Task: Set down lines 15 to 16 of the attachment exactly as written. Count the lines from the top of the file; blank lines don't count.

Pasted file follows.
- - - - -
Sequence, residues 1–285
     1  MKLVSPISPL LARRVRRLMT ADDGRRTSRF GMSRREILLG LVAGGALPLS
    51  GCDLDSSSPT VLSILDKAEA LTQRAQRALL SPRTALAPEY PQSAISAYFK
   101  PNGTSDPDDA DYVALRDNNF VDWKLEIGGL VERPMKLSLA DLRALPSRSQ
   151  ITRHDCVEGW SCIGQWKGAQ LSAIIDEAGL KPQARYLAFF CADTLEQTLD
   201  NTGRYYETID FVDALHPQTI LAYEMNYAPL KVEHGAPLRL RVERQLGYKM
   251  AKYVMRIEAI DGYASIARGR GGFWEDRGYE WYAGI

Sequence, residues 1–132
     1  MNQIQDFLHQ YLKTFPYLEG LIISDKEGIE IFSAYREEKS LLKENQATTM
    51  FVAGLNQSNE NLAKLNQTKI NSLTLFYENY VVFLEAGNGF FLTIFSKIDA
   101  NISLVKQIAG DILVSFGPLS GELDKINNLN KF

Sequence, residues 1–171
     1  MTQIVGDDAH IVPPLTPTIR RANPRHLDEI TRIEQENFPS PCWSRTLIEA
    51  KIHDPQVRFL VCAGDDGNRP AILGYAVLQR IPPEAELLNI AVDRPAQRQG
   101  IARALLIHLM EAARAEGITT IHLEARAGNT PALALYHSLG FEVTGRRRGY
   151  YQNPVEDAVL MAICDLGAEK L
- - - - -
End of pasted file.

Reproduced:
   101  IARALLIHLM EAARAEGITT IHLEARAGNT PALALYHSLG FEVTGRRRGY
   151  YQNPVEDAVL MAICDLGAEK L